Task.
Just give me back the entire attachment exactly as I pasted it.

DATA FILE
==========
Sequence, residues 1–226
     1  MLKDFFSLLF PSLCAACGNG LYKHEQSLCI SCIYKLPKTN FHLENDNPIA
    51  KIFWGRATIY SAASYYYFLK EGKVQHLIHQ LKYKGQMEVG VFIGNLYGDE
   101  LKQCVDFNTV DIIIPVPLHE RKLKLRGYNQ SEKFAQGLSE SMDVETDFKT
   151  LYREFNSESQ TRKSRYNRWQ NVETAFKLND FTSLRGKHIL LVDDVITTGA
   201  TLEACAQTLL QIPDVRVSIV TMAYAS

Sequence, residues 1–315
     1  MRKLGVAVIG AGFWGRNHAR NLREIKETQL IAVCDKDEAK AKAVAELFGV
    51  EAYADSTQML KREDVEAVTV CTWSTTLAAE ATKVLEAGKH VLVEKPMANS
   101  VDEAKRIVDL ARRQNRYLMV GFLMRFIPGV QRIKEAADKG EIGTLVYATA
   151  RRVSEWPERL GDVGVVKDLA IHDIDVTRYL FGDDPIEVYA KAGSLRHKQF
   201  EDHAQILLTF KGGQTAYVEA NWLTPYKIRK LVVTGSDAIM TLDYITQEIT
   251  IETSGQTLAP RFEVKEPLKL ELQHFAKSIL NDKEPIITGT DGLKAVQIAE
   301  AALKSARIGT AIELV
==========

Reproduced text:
Sequence, residues 1–226
     1  MLKDFFSLLF PSLCAACGNG LYKHEQSLCI SCIYKLPKTN FHLENDNPIA
    51  KIFWGRATIY SAASYYYFLK EGKVQHLIHQ LKYKGQMEVG VFIGNLYGDE
   101  LKQCVDFNTV DIIIPVPLHE RKLKLRGYNQ SEKFAQGLSE SMDVETDFKT
   151  LYREFNSESQ TRKSRYNRWQ NVETAFKLND FTSLRGKHIL LVDDVITTGA
   201  TLEACAQTLL QIPDVRVSIV TMAYAS

Sequence, residues 1–315
     1  MRKLGVAVIG AGFWGRNHAR NLREIKETQL IAVCDKDEAK AKAVAELFGV
    51  EAYADSTQML KREDVEAVTV CTWSTTLAAE ATKVLEAGKH VLVEKPMANS
   101  VDEAKRIVDL ARRQNRYLMV GFLMRFIPGV QRIKEAADKG EIGTLVYATA
   151  RRVSEWPERL GDVGVVKDLA IHDIDVTRYL FGDDPIEVYA KAGSLRHKQF
   201  EDHAQILLTF KGGQTAYVEA NWLTPYKIRK LVVTGSDAIM TLDYITQEIT
   251  IETSGQTLAP RFEVKEPLKL ELQHFAKSIL NDKEPIITGT DGLKAVQIAE
   301  AALKSARIGT AIELV